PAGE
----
In a few weeks, Dune will finally be released in theaters in North America. Director-screenwriter Denis Villeneuve knows how lucky he is to adapt Frank Herbert’s sci-fi epic, mainly because he didn’t think he would still be a director afterwards. Blade Runner 2049.
During an episode of MTV’s “Happy Sad Confused” podcast earlier this week, Villeneuve opened up about how the 2017 film affected his outlook on his career. “I knew when I made this movie, I flirted with disaster,” he admitted. Although critically acclaimed, he was financially a non-starter, earning $ 259.3 million ($ 355) worldwide, and was basically a dud in the United States. For him, making the movie starring Ryan Gosling put him in “artistic danger” and he feared he wouldn’t make any more films after that. “At least I wasn’t banned from the filmmaking community,” he joked. “I still make movies and you always talk to me.”
Yet regardless of the lack of financial success Blade Runner 2049 eu, it doesn’t seem to have mattered in the long run. In the four years since its release, the Blade runner the franchise has seen several comic book releases that have broadened its world, not to mention Adult Swim and Crunchyroll’s Black lotus the anime is coming next month. The franchise seems to be doing well now, as most franchises are doing after a few years on the ice, and it’s likely we’ll see another movie eventually … but maybe not with another 40-year gap.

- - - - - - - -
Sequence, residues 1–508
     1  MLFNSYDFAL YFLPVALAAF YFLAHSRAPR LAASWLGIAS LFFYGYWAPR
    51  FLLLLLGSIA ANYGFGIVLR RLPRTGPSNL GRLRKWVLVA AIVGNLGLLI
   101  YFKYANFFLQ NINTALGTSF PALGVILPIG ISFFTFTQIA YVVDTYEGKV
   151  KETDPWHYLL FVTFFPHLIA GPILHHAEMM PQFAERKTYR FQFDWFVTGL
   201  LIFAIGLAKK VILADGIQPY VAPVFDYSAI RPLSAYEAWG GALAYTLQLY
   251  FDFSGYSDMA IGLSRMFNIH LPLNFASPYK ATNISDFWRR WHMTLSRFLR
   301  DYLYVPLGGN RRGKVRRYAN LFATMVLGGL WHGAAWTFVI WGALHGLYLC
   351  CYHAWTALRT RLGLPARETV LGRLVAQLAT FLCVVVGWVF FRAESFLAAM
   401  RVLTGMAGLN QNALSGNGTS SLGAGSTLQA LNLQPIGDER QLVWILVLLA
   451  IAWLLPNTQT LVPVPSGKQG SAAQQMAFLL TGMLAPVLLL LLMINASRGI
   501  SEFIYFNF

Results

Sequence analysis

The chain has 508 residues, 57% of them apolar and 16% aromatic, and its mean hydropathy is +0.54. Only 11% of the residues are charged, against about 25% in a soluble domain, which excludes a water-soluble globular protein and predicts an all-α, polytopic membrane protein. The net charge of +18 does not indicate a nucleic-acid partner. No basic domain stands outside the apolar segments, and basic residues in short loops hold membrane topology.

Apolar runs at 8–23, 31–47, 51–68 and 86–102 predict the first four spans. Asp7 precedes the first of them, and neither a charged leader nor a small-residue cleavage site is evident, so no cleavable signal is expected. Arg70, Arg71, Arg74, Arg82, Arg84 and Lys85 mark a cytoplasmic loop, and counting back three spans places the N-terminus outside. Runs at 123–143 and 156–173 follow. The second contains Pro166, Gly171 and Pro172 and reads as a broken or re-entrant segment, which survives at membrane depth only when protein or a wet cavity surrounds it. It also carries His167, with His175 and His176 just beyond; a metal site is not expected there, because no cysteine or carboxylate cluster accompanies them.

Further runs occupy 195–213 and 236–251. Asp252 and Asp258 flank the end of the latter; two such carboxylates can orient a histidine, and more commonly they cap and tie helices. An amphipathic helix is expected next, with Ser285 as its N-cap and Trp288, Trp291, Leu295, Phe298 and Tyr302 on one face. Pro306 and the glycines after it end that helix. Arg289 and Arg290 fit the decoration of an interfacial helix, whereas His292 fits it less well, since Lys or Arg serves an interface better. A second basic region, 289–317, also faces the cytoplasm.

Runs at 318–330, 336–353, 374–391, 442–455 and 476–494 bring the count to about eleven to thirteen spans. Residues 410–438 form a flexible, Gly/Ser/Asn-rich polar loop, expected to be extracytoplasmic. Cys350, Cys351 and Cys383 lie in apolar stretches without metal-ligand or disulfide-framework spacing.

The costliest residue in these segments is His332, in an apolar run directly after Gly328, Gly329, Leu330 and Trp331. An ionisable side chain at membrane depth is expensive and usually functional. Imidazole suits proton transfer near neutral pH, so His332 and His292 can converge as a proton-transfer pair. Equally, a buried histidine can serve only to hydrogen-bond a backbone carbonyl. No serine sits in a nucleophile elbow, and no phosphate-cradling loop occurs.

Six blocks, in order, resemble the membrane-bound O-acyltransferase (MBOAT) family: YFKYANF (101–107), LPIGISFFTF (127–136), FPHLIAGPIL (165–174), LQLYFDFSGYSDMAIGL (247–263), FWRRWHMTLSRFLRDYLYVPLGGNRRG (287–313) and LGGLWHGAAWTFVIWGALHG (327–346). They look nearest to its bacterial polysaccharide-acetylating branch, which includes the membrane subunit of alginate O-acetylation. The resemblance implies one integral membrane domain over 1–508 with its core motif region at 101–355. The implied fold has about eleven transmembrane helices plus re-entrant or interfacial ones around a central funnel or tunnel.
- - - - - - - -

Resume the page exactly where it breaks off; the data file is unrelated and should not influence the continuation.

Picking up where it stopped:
Given how much beloved properties love Dune and Blade runner are in pop culture, we understand the pressure that would put on the Canadian director. While this helps provide some context for her clear desire to do this second Dune film and getting involved in its spinoff series, that doesn’t let him completely get away with being so insistent on seeing the film in theaters. Even if the movie explodes and he dumps cinema altogether, all of his work will eventually reach the breast tube.
Dune arrives in Australian theaters on December 2.